To combat opioid overdoses, Gov. Greg Abbott says he supports decriminalizing fentanyl testing strips
(TEXAS TRIBUNE) - Gov. Greg Abbott on Thursday said he supports decriminalizing fentanyl testing strips, reversing his previous opposition to the idea as he tries to fight an increase in opioid overdoses in the state, which he has made a point of emphasis heading into January’s legislative session.
He made the statement after visiting with University of Houston researchers who have developed a fentanyl vaccine that targets the synthetic opioid and could block its ability to enter the brain, eliminating the drug’s euphoric effects. University officials said the drug could have a breakthrough effect by becoming a relapse prevention agent for people trying to quit opioid use, which is notoriously difficult.
Abbott’s office has said that 1,672 people died from fentanyl-related deaths in 2021, according to preliminary data, compared with 883 in 2020. Just a few years before, in 2018, the state registered only 214 fentanyl-related deaths. Nationwide, more than 71,000 Americans died from opioid overdoses in 2021, a 23% increase over 2020.
Abbott said in the next legislative session he wants to change Texas law to classify deaths caused by fentanyl overdose as poisonings, which would allow for stiffer penalties — potentially including murder charges — for those who knowingly sell drugs laced with fentanyl to drug users. He also said he wanted to make the opioid-reversing drug naloxone — commonly known as Narcan — more readily available across the state.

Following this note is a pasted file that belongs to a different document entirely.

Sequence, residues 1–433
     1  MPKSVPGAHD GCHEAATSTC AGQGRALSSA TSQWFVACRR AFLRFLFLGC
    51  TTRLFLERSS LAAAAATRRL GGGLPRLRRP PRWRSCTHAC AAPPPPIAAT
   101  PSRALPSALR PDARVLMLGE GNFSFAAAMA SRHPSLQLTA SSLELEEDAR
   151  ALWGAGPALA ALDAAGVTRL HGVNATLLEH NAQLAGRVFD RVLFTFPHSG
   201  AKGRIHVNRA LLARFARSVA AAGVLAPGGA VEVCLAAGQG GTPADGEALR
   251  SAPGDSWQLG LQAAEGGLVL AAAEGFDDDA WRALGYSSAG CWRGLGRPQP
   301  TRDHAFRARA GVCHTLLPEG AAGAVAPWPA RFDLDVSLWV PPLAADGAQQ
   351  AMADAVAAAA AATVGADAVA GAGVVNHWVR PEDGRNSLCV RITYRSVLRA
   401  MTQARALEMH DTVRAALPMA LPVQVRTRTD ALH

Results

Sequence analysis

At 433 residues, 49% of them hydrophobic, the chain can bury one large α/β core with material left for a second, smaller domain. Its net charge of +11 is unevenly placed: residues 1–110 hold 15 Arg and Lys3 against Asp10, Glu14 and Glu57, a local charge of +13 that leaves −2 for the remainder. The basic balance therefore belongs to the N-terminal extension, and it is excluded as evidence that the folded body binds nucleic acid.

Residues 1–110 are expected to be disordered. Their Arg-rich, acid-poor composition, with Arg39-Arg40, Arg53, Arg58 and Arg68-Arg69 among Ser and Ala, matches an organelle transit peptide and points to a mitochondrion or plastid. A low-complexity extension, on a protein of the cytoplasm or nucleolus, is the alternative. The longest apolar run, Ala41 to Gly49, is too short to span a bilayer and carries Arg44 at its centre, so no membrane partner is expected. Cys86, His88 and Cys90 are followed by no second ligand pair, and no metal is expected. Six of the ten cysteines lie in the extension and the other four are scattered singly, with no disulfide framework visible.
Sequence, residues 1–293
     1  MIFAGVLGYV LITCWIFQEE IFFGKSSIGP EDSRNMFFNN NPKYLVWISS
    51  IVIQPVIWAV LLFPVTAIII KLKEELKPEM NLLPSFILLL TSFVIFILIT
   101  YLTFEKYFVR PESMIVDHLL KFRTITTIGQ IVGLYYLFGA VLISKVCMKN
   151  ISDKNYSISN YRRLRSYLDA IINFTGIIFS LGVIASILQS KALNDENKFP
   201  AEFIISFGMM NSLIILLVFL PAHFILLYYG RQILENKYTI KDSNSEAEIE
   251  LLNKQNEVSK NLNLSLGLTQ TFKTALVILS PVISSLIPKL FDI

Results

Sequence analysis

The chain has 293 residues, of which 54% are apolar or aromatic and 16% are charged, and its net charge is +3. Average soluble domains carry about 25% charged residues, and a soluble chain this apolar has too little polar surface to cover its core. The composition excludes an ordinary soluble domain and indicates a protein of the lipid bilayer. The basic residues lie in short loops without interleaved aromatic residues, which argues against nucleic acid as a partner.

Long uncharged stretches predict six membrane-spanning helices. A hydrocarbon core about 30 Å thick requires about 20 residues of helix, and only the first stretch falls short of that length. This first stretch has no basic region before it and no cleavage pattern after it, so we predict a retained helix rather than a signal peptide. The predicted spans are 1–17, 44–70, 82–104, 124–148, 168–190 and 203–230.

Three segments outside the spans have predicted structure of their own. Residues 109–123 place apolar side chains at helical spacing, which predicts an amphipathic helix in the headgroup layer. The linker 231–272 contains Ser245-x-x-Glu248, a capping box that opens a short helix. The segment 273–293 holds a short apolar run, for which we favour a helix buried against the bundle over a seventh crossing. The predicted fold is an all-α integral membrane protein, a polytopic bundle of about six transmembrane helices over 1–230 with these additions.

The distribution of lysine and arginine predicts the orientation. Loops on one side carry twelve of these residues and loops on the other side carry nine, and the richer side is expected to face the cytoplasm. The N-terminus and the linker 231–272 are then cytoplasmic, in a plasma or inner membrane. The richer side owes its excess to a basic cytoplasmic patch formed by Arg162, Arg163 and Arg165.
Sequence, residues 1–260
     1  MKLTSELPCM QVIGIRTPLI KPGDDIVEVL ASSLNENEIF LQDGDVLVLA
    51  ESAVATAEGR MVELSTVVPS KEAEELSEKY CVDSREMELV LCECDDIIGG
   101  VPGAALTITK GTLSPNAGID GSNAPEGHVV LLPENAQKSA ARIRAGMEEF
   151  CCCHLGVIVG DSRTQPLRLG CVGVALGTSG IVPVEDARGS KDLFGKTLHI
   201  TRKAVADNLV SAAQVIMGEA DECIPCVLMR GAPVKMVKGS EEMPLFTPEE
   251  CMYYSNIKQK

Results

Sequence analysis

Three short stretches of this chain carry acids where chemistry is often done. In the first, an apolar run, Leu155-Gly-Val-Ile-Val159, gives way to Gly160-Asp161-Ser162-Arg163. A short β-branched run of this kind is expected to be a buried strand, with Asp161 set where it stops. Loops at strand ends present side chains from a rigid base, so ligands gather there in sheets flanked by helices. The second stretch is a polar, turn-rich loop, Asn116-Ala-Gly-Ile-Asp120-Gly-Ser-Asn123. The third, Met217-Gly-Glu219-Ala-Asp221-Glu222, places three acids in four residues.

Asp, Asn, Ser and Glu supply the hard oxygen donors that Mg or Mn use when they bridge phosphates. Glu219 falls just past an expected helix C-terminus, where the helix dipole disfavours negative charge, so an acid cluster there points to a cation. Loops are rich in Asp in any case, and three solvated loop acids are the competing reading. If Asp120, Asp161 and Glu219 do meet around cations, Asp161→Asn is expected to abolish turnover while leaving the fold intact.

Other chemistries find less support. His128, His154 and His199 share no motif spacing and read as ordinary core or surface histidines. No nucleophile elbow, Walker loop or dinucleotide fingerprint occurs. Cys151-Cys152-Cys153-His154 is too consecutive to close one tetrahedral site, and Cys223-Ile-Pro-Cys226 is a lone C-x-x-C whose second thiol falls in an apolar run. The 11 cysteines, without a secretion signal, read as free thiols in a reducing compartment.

“We also need to legalize fentanyl test strips in the state of Texas so that people will be able to test drugs at home to know whether or not it might be laced with fentanyl,” Abbott said.
Harm reduction groups who work with drug users have called for the decriminalization of testing strips for years. Sometimes, drug users don’t know that the drugs they buy are laced with fentanyl and unknowingly ingest the synthetic opioid, leading to overdoses. By using fentanyl testing strips to determine whether the opioid is present in their drugs, users can avoid overdosing on the powerful opioid. Experts say that could keep them alive until the time in which they are ready to start moving off drugs.
But tough-on-drugs lawmakers in Texas, including Abbott, have historically been opposed to decriminalizing the testing strips and other drug paraphernalia. Currently, possession of drug paraphernalia — items used to consume illegal substances that can include fentanyl testing strips, used syringes and pipes — is a Class C misdemeanor punishable by a fine of up to $500.
Abbott acknowledged that in the past, lawmakers have pushed back against decriminalizing fentanyl testing strips, “including ... myself.”
“I was not in favor of it last session,” he said.
But he said the increase in opioid overdoses from fentanyl in the state has increased so much that there’s a “better understanding” that the state needs to take more drastic action to save lives.
“There’s going to be a movement across the state to make sure we do everything that we can to protect people from dying from fentanyl, and I think test strips will be one of those ways,” he said.
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